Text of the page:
There are currently 17 illegally moored boats in the Gorge Waterway. The City of Victoria will be seeking an injunction on Sept. 11 to remove them. Kendra Wong/Victoria News

There are currently 17 illegally moored boats in the Gorge Waterway. The City of Victoria will be seeking an injunction on Sept. 11 to remove them. Kendra Wong/Victoria News

Victoria headed to court to remove derelict boats from Gorge

City will be in court the week of Sept. 11.

The City of Victoria will be seeking an injunction next month to remove abandoned and derelict boats from the Gorge Waterway.

In recent months, the city has been preparing an application to remove the roughly 17 vessels illegally moored in the Gorge, and will be heading to B.C. Supreme Court the week of Sept. 11.

“It’s been a long time coming and it’s taken a lot to get prepared for the court case. We feel like there’s a good chance of success, but you never know and it will be before the courts very soon,” said Mayor Lisa Helps.

“Council’s responsibility is always the greater good, and the greater good in this case is preserving the ecological integrity of that waterway and that sensitive ecosystem.”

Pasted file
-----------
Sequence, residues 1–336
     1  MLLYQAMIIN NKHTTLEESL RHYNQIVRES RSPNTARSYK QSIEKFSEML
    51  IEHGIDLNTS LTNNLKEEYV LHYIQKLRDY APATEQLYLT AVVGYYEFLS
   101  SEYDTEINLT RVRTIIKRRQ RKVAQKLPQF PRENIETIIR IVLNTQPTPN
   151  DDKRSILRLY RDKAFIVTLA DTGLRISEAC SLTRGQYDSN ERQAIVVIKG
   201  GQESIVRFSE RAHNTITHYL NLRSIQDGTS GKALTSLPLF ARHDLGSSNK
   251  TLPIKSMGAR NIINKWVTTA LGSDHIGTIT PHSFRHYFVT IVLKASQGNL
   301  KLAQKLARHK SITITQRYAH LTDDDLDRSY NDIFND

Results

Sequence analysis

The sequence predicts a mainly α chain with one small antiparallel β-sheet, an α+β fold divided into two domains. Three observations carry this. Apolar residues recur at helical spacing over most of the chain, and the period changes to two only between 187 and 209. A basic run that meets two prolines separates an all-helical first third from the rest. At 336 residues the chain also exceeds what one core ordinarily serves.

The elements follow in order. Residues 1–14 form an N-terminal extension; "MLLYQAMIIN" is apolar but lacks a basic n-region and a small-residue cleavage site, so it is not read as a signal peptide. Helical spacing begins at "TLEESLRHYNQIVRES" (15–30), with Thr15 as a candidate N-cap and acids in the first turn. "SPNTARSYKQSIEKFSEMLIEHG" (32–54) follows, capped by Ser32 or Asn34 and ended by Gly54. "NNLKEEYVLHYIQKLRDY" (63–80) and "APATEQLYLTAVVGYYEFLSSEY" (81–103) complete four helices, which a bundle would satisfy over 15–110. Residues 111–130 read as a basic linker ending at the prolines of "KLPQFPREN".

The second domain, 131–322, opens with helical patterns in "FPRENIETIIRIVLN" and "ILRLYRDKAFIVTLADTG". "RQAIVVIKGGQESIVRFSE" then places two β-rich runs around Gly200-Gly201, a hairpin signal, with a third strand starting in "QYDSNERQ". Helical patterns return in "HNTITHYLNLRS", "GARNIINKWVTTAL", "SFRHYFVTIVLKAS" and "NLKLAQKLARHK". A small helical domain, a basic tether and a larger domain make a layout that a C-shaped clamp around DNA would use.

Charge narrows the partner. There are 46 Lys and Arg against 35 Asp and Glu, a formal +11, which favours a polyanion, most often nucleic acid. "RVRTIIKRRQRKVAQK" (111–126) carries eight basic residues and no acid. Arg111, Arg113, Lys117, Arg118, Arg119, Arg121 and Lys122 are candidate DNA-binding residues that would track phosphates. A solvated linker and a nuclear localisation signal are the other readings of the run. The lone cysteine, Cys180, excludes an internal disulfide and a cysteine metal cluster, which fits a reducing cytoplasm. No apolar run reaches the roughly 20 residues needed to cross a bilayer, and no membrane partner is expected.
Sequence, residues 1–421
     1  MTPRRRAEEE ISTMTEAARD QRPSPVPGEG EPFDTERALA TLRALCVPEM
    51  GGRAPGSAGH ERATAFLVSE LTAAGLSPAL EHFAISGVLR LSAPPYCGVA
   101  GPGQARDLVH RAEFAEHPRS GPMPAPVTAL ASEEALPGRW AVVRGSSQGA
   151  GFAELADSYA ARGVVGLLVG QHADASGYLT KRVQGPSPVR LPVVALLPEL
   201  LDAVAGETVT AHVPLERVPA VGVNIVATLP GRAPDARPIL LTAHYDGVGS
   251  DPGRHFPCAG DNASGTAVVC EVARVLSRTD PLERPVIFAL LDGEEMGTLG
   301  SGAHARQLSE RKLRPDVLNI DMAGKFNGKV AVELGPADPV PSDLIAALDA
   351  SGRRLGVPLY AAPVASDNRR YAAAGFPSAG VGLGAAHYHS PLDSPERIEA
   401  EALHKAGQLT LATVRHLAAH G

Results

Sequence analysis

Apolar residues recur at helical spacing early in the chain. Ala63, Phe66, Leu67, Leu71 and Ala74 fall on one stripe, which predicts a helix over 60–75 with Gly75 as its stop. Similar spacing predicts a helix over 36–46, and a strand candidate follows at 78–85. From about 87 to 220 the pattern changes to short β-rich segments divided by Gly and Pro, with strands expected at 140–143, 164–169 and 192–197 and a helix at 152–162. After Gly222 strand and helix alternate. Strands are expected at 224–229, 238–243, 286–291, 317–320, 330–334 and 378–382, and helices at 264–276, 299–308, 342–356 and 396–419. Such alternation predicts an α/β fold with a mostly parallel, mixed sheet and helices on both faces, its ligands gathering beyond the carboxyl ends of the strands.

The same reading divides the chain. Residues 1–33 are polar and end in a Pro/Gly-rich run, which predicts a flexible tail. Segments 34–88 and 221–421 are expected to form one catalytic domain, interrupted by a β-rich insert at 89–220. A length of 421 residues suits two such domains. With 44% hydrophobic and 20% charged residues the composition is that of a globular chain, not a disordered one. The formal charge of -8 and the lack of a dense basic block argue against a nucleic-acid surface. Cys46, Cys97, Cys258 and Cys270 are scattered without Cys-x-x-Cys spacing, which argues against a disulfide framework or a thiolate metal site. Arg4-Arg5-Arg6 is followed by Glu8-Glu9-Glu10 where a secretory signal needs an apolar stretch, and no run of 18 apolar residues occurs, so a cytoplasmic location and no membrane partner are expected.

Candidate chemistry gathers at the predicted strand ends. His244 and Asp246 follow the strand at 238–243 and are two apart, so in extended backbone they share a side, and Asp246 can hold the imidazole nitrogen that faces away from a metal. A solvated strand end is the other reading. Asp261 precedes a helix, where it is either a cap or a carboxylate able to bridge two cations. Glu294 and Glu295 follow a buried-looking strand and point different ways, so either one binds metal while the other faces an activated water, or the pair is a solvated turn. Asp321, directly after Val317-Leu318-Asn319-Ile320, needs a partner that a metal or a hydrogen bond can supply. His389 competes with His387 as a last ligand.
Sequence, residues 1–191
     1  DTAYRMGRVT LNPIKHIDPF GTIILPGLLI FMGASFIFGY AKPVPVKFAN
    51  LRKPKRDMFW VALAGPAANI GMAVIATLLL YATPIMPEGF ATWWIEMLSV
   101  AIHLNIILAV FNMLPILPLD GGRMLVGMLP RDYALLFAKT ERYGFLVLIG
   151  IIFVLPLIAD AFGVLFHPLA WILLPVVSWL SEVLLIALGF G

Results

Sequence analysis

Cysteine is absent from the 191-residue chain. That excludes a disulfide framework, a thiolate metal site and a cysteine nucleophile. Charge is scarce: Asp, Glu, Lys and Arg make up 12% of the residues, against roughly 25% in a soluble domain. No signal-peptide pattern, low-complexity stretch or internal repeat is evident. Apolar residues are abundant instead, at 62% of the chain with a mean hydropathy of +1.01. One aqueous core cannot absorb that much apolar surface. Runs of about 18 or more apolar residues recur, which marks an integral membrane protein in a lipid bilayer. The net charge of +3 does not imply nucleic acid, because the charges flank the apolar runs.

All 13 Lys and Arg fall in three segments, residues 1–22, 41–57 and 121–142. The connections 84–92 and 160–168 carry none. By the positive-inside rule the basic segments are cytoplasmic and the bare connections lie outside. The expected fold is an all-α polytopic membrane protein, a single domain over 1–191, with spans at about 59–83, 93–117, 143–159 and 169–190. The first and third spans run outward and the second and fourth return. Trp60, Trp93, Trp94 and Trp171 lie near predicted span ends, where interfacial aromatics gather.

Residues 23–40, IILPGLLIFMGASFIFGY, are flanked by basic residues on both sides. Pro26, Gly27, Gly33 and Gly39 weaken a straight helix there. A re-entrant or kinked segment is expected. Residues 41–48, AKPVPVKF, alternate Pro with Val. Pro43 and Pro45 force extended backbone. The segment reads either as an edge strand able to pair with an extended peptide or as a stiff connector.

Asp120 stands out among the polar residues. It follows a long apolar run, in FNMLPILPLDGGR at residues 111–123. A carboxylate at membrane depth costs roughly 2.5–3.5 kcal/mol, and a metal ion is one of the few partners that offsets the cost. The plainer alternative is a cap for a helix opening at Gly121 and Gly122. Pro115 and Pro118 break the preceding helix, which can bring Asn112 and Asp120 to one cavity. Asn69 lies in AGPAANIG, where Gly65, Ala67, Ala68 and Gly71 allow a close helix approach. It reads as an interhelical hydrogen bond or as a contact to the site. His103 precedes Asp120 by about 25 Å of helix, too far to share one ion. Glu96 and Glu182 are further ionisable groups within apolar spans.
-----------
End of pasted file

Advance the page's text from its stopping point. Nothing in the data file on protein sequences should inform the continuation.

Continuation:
The move comes after the city issued several rounds of notices, mainly in the fall of last year, warning vessel owners that they’re in contradiction of bylaws that limit long-term mooring to a maximum of 48 hours and no more than 72 hours in a 30-day period.

Eight of the roughly two dozen boats that have been illegally moored for years have been voluntarily moved and one was removed after a fire. While the city has not seen an increase in vessels since then, 17 remain.

The boats have sparked several complaints about leaking sewage, oil, fuel, noise and garbage since they aren’t hooked up to proper services.

“We’re moving ahead through the courts … We’ve been waiting to get the court time and the right amount of court time, which is in part why there’s been a bit of a delay,” said city clerk Chris Coates.

While Coates expects there will be some push back from residents, he anticipates the injunction will be successful. If it is granted, vessel owners will be responsible for removing boats shortly after.

Coates estimates it will cost roughly five figures to seek an injunction for all the vessels.

The issue of illegally moored boats is also a problem in Cadboro and Brentwood bays, and is one the Capital Regional District is hoping to tackle. On Wednesday, the board voted to seek just over $1 million in federal funding to remove the boats.

kendra.wong@vicnews.com